Evaluation of Vocational Rehabilitation for HIV+ Persons

Joseph Ramirez-Forcier, Positive Resource Center San Francisco; Adam Carrico, University of California San Francisco
Social and Behavioral Sciences
Targeted Theme: Practice Informed Translational and Interventions Research
Community Collaborative Research Award

Anti-retroviral therapy (ART) has dramatically improved the health of HIV-positive persons such that individuals are living longer, more active lives. As a result, many HIV-positive persons are interested in returning to the workforce to pursue career ambitions and achieve financial security. The scientific literature provides evidence that individuals with a higher socioeconomic status (SES) are more likely to engage in healthy behaviors.

Consequently, it is possible that programs that assist HIV-positive persons with finding more stable employment (i.e., improving SES) could increase ART adherence and reduce HIV transmission risk behavior.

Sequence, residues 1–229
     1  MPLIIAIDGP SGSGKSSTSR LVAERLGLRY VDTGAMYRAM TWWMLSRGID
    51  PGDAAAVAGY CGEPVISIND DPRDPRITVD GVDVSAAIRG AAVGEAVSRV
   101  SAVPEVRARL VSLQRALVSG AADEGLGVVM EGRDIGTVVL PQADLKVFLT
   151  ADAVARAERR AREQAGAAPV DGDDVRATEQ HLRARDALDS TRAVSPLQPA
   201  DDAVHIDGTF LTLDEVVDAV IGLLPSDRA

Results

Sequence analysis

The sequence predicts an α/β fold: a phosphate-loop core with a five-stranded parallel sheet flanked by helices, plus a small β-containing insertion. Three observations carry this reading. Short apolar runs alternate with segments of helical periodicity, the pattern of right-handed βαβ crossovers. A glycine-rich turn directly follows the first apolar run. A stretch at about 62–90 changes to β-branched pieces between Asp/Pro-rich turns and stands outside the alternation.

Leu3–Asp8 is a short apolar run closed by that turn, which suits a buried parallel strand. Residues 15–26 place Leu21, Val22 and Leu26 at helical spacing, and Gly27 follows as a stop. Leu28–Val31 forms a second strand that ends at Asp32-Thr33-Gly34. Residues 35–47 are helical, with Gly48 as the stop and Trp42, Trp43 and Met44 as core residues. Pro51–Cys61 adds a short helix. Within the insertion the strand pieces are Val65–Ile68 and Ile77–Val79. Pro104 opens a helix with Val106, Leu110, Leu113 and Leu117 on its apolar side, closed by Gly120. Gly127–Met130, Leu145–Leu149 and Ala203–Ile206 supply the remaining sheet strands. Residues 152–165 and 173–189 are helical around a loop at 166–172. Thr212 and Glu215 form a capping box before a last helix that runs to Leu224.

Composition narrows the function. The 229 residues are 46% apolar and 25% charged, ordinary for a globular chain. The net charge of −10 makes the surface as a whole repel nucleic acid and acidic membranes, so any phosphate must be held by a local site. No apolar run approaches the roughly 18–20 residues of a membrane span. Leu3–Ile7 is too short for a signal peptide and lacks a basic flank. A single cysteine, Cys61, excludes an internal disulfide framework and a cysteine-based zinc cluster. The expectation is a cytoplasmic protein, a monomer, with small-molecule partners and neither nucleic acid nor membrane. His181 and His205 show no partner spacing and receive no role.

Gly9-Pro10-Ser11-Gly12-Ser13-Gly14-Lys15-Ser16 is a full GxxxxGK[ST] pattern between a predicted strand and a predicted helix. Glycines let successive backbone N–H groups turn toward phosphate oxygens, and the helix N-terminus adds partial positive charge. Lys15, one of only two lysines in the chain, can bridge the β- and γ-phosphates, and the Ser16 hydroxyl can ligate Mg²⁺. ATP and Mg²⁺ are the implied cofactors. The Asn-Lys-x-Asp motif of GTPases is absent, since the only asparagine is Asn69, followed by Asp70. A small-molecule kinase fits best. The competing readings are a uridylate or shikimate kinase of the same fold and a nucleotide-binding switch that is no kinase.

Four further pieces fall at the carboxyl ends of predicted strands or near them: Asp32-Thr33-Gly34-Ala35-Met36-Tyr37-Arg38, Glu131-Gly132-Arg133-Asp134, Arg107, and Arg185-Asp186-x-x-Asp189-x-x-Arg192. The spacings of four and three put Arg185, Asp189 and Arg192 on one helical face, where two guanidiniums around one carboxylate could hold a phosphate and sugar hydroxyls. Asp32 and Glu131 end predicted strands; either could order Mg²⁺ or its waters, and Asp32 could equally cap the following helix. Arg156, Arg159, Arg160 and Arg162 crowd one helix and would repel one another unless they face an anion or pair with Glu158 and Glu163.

The purpose of this project is to evaluate an existing HIV prevention intervention, the Employment Services Program. Administered by the Positive Resource Center (PRC) in San Francisco, the Employment Services Program provides comprehensive services to help HIV-positive persons find employment. Data from the PRC indicate that the Employment Services Program is successful in helping clients find jobs and gaining access to employer-subsidized healthcare. In the proposed study, the PRC is interested in the broader implications of providing these services to HIV-positive populations. This evaluation will examine if individuals in the Employment Services Program report improvements in ART adherence and decreases in HIV transmission risk behavior. Informed by these findings, our team will examine what specific components of the employment services program may be responsible for these changes and how the overall program achieves positive outcomes. In order to conduct the evaluation, our team will recruit 200 HIV-positive persons on ART who are newly initiating services at the PRC. Participants will complete a baseline assessment as well as 6-month and 12-month follow-up assessments to examine changes in HIV-related health behaviors as well as evaluate how the program may improve these outcomes. In order to examine the role of distinct Employment Services Program components, we will utilize both quantitative and qualitative methods. Using PRC client records, the study team will examine the extent to which participants utilize distinct PRC services (i.e., road-mapping, skills building, and job search and follow-up) and how this affects HIV-related health behaivors. We also plan to conduct in-depth qualitative interviews with a randomly selected subset of 20 participants who completed a baseline assessment for the evaluation. Qualitative interviews will be systematically coded by our study team to examine the perceptions of PRC clients regarding important aspects of the Employment Services Program as well as barriers to continuing to receive services at the PRC. If the PRC Employment Services Program is effective in improving ART adherence and reducing HIV transmission risk behavior, then this approach could be disseminated widely to mitigate the effects of poverty as a barrier to prevention with HIV-positive persons.